(As an aside, there is a well-known gotcha in Java and other languages that when you slice a string to save a small piece, the reference to the original keeps the entire original string in memory even though only a small amount is still needed. Go has this gotcha too. The alternative, which we tried and rejected, is to make string slicing so expensive—an allocation and a copy—that most programs avoid it.)


A slice is a reference to a section of an array. In memory, it is a 3-word structure contaning a pointer to the first element, the length of the slice, and the capacity. The length is the upper bound for indexing operations like x[i] while the capacity is the upper bound for slice operations like x[i:j].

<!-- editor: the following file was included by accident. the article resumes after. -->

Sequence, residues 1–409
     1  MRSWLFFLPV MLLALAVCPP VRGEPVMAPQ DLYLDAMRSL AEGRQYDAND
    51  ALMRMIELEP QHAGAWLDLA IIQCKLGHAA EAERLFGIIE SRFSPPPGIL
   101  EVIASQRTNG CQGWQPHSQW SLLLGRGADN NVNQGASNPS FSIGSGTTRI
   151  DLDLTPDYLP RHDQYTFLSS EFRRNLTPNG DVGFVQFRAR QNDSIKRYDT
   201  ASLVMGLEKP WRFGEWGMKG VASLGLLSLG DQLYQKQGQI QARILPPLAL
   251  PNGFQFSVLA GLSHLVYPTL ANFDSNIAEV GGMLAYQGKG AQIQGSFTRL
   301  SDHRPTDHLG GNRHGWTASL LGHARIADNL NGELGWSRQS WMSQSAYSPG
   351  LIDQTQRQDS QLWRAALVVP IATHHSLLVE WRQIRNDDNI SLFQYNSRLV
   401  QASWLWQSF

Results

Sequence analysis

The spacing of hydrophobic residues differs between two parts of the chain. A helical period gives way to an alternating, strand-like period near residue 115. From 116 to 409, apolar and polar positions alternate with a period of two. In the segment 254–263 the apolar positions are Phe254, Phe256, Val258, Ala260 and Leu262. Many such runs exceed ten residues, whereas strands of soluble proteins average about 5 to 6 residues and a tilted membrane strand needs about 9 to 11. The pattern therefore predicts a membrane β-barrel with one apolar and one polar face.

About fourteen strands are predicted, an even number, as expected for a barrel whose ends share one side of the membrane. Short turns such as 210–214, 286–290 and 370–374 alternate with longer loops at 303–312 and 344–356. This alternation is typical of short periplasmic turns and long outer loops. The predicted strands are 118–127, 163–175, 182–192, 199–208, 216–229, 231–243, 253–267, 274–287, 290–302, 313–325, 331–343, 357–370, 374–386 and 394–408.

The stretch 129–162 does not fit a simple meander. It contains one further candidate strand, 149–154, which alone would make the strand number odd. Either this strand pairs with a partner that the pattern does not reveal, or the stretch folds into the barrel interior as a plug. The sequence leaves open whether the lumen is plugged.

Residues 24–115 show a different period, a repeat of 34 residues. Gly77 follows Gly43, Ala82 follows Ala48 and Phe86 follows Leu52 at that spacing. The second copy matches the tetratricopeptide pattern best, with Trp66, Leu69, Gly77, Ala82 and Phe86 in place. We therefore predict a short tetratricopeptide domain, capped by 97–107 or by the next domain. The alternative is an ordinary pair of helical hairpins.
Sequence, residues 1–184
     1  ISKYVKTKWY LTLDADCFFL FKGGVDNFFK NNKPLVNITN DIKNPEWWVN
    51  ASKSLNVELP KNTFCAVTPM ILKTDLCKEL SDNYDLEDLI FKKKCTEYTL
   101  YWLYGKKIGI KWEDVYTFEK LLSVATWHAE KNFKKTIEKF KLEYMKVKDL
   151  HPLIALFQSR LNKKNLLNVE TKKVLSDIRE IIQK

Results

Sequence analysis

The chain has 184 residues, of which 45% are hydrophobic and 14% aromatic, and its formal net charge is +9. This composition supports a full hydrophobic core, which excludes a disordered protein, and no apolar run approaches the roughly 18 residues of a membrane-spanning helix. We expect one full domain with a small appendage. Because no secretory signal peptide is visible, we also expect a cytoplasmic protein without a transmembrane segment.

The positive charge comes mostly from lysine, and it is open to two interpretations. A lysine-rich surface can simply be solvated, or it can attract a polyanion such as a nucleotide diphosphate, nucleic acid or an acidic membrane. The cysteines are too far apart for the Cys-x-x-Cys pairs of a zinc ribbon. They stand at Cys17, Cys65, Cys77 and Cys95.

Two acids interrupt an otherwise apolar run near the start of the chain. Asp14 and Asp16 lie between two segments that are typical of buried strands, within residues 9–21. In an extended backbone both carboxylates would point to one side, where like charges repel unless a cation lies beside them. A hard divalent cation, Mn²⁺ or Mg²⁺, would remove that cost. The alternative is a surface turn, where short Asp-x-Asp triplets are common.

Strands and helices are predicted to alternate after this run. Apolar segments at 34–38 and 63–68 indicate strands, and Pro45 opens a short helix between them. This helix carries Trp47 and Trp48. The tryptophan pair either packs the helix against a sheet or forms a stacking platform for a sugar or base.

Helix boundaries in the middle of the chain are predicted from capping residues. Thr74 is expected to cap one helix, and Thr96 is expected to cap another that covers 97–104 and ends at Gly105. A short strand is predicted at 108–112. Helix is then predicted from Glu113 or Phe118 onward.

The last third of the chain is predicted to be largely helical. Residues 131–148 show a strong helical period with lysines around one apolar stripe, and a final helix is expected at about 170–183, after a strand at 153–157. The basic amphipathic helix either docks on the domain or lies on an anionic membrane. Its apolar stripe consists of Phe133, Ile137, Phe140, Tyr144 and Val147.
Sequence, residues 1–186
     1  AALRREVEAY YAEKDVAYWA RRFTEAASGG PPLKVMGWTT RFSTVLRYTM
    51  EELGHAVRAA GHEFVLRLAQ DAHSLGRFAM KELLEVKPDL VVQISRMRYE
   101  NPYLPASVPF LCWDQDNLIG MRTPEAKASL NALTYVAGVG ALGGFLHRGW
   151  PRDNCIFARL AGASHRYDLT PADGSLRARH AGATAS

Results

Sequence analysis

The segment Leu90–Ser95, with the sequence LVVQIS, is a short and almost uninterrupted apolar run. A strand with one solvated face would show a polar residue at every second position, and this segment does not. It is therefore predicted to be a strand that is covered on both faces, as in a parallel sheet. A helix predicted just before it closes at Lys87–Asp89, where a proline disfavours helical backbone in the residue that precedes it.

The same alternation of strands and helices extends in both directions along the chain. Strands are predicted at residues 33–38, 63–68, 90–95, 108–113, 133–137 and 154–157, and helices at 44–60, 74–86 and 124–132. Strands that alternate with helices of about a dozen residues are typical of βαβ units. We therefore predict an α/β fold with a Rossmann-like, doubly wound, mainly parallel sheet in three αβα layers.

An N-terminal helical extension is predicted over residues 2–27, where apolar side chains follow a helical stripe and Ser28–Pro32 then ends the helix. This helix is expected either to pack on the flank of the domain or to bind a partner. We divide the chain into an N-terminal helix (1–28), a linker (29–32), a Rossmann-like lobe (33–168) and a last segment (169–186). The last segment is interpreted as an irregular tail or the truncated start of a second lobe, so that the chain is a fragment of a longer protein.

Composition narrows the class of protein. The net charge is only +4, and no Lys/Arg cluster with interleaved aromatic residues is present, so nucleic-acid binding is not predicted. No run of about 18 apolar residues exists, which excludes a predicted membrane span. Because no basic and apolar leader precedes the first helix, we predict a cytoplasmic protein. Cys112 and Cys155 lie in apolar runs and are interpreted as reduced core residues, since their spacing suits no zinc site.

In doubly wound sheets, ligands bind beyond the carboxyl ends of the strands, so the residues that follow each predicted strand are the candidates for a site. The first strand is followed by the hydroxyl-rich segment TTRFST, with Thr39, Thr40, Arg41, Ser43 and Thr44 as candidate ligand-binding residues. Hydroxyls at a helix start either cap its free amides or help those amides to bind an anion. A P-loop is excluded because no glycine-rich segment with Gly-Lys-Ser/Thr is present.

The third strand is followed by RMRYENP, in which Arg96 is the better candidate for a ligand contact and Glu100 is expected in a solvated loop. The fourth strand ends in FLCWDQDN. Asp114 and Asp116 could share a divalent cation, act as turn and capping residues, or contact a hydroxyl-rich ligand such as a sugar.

Like slicing a string, slicing an array does not make a copy: it only creates a new structure holding a different pointer, length, and capacity. In the example, evaluating the composite literal []int{2, 3, 5, 7, 11} creates a new array containing the five values and then sets the fields of the slice x to describe that array. The slice expression x[1:3] does not allocate more data: it just writes the fields of a new slice structure to refer to the same backing store. In the example, the length is 2—y[0] and y[1] are the only valid indexes—but the capacity is 4—y[0:4] is a valid slice expression. (See Effective Go for more about length and capacity and how slices are used.)